Amazon will reimburse staff in the US who travel for a wide range of non-life threatening medical treatments, including elective abortions.
The firm told its staff on Monday it will pay up to £3,195 ($4,000) in travel expenses annually for non-life threatening medical treatments including abortions, according to a message seen by Reuters news agency.
The decision makes the online retailer the latest company after huge firms such as Citigroup and Yelp, to help employees bypass Republican-backed state laws curbing abortion access. It shows how companies are eager to retain and attract talent in locations that remain important to their operations despite legal changes impacting employees' health.
The U.S. Supreme Court is due to rule by the end of June in a case that gives its conservative majority a chance to roll back abortion rights or even overturn the landmark 1973 Roe v. Wade ruling that legalised the procedure nationwide. About two dozen states including Oklahoma and Alabama have laws poised to limit abortion access should the Roe ruling be overturned.
Amazon's new benefit, effective to Jan. 1 retroactively, applies if an operation is not available within 100 miles (161 km) of an employee's home and virtual care is not possible, the company's message said.
The reimbursements announced by Amazon are not specific to abortion, however. They provide for other non-life threatening treatments such as cardiology, cellular gene therapies and substance-abuse disorder services as well. A report in the BBC also indicated that mental health treatments were also included. Separately, Amazon offers up to £7,985 ($10,000) in annual travel reimbursements for life-threatening issues.
Pregnancy-related support in the UK
While the controversial laws only affect workers in America, Amazon’s move is in a similar vein to the support being offered to UK workers for sensitive issues such as miscarriages.
HR Grapevine has previously reported on how other businesses have rolled out policies to support their staff members.
In 2021, clothing brand ASOS introduced a raft of HR policies that included paid leave for staff who have experienced a pregnancy loss or are undergoing fertility treatment, as well as flexible options for those going through the menopause.
Also last year, LADbible Group introduced a new initiative called ‘LADfamily’ which comprised of a suite of ‘family-friendly’ policies aimed at supporting its global workforce.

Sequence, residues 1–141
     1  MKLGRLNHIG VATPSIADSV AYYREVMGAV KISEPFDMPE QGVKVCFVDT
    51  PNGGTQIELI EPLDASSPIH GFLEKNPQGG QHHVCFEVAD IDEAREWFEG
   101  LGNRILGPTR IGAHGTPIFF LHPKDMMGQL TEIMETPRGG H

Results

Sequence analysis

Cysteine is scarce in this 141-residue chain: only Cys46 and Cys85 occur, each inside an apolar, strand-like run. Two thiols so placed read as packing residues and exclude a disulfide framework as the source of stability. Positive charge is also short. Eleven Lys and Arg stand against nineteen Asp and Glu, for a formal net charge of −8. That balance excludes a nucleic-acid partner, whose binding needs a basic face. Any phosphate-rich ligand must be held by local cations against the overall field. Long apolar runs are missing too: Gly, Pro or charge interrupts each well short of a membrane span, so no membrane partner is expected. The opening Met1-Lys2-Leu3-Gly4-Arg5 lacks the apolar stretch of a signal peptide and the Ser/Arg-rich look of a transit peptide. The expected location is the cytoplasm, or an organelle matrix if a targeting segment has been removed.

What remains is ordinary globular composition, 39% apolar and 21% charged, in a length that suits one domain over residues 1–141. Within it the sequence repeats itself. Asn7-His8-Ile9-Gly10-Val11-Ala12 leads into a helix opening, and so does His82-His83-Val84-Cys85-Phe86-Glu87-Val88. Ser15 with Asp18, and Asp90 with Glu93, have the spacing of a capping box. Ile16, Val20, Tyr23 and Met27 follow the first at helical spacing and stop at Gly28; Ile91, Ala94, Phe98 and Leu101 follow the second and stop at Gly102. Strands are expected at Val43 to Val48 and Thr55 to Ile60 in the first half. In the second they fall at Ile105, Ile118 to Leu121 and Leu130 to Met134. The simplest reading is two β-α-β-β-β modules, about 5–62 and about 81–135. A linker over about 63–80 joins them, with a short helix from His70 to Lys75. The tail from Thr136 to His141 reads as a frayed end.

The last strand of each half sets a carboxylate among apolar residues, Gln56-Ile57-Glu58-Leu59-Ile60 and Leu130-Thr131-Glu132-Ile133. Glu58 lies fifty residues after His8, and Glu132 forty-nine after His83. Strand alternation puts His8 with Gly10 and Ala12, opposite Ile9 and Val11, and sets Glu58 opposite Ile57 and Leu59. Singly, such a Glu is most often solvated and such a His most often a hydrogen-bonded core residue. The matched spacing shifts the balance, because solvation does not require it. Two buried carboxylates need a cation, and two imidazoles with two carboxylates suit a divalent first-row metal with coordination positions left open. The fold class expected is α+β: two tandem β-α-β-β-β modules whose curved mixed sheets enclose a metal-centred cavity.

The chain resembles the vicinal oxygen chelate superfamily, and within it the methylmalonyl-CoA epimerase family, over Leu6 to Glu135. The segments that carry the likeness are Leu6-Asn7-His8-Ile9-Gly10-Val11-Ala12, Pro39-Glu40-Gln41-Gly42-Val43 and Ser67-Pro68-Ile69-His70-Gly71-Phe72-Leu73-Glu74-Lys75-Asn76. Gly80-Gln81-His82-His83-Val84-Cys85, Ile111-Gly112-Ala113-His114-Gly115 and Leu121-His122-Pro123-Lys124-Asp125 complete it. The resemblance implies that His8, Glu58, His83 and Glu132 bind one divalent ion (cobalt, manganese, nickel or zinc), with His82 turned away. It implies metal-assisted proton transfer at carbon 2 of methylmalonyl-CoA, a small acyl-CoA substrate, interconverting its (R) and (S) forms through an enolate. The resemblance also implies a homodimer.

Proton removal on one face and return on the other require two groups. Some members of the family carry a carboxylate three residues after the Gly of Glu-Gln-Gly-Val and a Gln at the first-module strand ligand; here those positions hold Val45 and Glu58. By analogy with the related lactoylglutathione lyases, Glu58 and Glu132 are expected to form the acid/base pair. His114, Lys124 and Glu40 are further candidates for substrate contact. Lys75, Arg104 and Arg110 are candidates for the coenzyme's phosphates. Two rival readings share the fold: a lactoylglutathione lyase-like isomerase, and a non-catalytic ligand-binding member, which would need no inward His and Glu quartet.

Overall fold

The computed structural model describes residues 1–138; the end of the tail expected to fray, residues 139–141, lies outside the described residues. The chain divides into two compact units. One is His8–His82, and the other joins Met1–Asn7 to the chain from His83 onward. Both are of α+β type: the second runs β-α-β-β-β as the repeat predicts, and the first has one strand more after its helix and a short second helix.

Channel 4 previously unveiled a dedicated Pregnancy Loss Policy. This was designed to support staff through pregnancy loss – which includes, but is not limited to, miscarriage, stillbirth and abortion.
And the cereal giant Kellogg’s has also introduced support for staff experiencing the pregnancy loss and fertility treatment.
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The measures announced by the Manchester-headquartered firm include paid leave for fertility treatment and pregnancy loss, including for partners and those using a surrogate mother.
Support for substance misuse
While there is a heavy focus on Amazon’s funding of travel for abortion services, their reimbursement also covers travel for workers who need help with issues such as substance abuse. And the general data sets have suggested that UK firms would do well to follow Amazon’s path.
Currently, only one in five employers are failing to offer proactive support to workers to help prevent and provide support on issues of drugs and alcohol misuse, according to 2020 research from the CIPD.
The report, titled Managing Drug and Alcohol Misuse at Work, found that few employers currently train managers on their organisation’s drug and alcohol policies. Just 12% provide one-off training for line managers and only one-quarter provide regular refresher training.
Further to this, just 26% train managers to recognise the symptoms of drug and alcohol problems, whilst only 32% cover improving management practice more generally, for example how to manage and support employees.
Dr. Jill Miller, Senior Policy Adviser at the CIPD, previously explained: “It is vitally important for organisations to recognise drug or alcohol misuse as a health, safety and employee wellbeing concern, not just a disciplinary issue. Support for people struggling with alcohol and drug misuse must be part of an organisations’ wellbeing offering.
“By having a clear policy in place that sets expectations about behaviour and prioritises genuine support for wellbeing, employers can create a safe environment where people feel able to ask for support. This could encourage people to seek help before a concern becomes a real issue,” Miller concluded.